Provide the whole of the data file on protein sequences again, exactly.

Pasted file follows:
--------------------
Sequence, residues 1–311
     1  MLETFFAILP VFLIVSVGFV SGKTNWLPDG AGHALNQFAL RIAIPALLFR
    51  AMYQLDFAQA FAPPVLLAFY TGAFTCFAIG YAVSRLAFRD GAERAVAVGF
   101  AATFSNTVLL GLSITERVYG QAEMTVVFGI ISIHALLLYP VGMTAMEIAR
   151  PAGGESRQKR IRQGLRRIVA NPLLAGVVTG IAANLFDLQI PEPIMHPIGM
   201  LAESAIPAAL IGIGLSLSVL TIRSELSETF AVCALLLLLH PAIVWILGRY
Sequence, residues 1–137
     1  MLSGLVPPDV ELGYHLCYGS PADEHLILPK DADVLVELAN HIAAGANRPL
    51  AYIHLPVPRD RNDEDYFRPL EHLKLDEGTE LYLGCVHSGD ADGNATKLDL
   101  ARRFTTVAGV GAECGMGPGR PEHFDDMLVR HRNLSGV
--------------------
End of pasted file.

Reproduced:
Sequence, residues 1–311
     1  MLETFFAILP VFLIVSVGFV SGKTNWLPDG AGHALNQFAL RIAIPALLFR
    51  AMYQLDFAQA FAPPVLLAFY TGAFTCFAIG YAVSRLAFRD GAERAVAVGF
   101  AATFSNTVLL GLSITERVYG QAEMTVVFGI ISIHALLLYP VGMTAMEIAR
   151  PAGGESRQKR IRQGLRRIVA NPLLAGVVTG IAANLFDLQI PEPIMHPIGM
   201  LAESAIPAAL IGIGLSLSVL TIRSELSETF AVCALLLLLH PAIVWILGRY
Sequence, residues 1–137
     1  MLSGLVPPDV ELGYHLCYGS PADEHLILPK DADVLVELAN HIAAGANRPL
    51  AYIHLPVPRD RNDEDYFRPL EHLKLDEGTE LYLGCVHSGD ADGNATKLDL
   101  ARRFTTVAGV GAECGMGPGR PEHFDDMLVR HRNLSGV